Senate Republican Minority Leader David Hann wants Democrats to delay a final vote to approve the construction of a new legislative office building until after a court case contesting the project gets a hearing.
The Senate Rules Committee is scheduled to take a final vote Wednesday authorizing an all-new office building on the north side of the Capitol to house its members. The project will cost a total of $90 million and include new parking spaces near the Capitol complex.
But Hann wants the Senate to push pause, because a lawsuit against the chamber from former state Rep. Jim Knoblach is set to get its first hearing in court next week.
Knoblach is suing the Senate for including the new office building in the tax bill in the final hours of the 2013 session. He says putting a construction project in the tax proposal violates the single-subject rule for bills.
“Instead of rushing a vote to influence the court, we should wait and see if the lawsuit against the project has merit,” Hann said. “The process used to fund this new building has been flawed from the start, and tomorrow’s action will make it worse.”
Hann also used the opportunity to renew criticisms of the project, which he called a “palatial crystal palace across the street.”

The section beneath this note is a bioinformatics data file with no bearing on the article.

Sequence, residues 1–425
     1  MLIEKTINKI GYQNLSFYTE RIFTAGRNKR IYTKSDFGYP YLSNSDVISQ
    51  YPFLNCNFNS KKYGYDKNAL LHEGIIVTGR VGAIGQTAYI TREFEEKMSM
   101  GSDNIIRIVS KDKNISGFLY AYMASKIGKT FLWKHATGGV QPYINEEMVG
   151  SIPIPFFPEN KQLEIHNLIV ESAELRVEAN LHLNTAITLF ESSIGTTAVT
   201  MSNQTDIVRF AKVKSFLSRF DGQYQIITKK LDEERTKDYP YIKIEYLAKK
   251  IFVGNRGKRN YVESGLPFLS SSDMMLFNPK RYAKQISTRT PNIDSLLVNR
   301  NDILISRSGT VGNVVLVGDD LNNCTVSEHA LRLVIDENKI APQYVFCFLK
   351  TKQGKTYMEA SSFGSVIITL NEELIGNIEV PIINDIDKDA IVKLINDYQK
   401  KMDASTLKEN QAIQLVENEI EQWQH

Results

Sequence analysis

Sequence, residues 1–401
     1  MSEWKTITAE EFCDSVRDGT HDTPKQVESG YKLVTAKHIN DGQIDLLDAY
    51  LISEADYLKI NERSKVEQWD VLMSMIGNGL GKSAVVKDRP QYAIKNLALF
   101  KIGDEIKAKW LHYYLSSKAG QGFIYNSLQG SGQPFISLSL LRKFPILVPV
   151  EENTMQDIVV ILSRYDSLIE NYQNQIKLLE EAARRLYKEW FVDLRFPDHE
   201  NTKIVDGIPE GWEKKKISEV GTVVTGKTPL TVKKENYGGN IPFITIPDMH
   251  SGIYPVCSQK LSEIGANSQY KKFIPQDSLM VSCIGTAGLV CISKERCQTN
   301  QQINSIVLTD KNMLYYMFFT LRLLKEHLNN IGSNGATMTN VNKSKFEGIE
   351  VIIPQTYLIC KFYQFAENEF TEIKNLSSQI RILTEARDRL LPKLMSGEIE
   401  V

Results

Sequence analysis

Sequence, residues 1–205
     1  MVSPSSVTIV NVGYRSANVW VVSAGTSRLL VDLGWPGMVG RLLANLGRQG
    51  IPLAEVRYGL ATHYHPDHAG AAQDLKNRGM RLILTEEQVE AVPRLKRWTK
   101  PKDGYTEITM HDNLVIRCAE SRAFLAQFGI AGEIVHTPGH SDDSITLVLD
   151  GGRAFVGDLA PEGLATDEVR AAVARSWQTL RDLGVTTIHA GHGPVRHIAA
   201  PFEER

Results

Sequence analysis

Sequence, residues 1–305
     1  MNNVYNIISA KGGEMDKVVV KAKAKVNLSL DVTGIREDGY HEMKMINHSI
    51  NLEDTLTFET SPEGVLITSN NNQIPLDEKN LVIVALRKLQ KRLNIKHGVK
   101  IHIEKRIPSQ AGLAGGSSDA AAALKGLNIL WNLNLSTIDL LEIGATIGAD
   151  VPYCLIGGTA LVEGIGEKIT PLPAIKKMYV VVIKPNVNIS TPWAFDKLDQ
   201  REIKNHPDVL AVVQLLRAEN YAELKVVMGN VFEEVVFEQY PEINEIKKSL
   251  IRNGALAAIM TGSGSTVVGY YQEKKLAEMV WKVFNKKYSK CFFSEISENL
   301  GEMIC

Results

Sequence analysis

New renderings of the project show a modern-looking structure with a wall of glass windows facing the Capitol building. Early plans included a reflecting pool and a fitness center, but those items have been nixed from the final design.
Senators say the new structure will permanently house their members during and after a disruptive renovation of the state Capitol. The project also will include large hearing rooms for the public and parking spaces that will accommodate people with disabilities.
For their part, Senate Democrats say lawmakers were in talks with the Department of Administration regarding new office space since the start of 2013 and the new office building was added as an amendment to the tax bill in late April, weeks before session ended.
But GOP Sen. Scott Newman said the deal was hatched in the final hours of session and “literally came out of nowhere.”
“My biggest criticism of this is the process, or lack of process,” said Newman, who sits on the Senate Finance Committee and said he didn’t review a stand-alone bill on the project. “It came out of a smoke-filled, back-room deal, and I could not be more critical of those who brought this forward.
The House Rules Committee also will get a vote on the project, but a hearing has yet to be scheduled.